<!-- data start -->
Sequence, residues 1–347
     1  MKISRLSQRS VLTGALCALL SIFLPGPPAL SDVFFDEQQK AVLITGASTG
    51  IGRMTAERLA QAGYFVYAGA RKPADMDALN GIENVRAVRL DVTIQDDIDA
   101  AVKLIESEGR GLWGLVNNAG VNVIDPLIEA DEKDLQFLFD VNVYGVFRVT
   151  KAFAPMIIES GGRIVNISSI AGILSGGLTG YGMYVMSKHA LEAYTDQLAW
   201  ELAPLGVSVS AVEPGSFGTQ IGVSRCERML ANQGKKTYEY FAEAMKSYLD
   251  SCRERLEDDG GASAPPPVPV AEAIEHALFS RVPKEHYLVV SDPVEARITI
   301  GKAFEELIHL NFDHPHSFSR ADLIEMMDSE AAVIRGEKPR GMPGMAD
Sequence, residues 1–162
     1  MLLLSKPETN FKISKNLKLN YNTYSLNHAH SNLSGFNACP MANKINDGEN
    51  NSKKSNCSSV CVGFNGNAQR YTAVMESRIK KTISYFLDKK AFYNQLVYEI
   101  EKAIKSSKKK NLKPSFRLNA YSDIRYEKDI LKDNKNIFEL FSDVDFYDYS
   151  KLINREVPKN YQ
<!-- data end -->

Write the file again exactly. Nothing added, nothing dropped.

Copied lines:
Sequence, residues 1–347
     1  MKISRLSQRS VLTGALCALL SIFLPGPPAL SDVFFDEQQK AVLITGASTG
    51  IGRMTAERLA QAGYFVYAGA RKPADMDALN GIENVRAVRL DVTIQDDIDA
   101  AVKLIESEGR GLWGLVNNAG VNVIDPLIEA DEKDLQFLFD VNVYGVFRVT
   151  KAFAPMIIES GGRIVNISSI AGILSGGLTG YGMYVMSKHA LEAYTDQLAW
   201  ELAPLGVSVS AVEPGSFGTQ IGVSRCERML ANQGKKTYEY FAEAMKSYLD
   251  SCRERLEDDG GASAPPPVPV AEAIEHALFS RVPKEHYLVV SDPVEARITI
   301  GKAFEELIHL NFDHPHSFSR ADLIEMMDSE AAVIRGEKPR GMPGMAD
Sequence, residues 1–162
     1  MLLLSKPETN FKISKNLKLN YNTYSLNHAH SNLSGFNACP MANKINDGEN
    51  NSKKSNCSSV CVGFNGNAQR YTAVMESRIK KTISYFLDKK AFYNQLVYEI
   101  EKAIKSSKKK NLKPSFRLNA YSDIRYEKDI LKDNKNIFEL FSDVDFYDYS
   151  KLINREVPKN YQ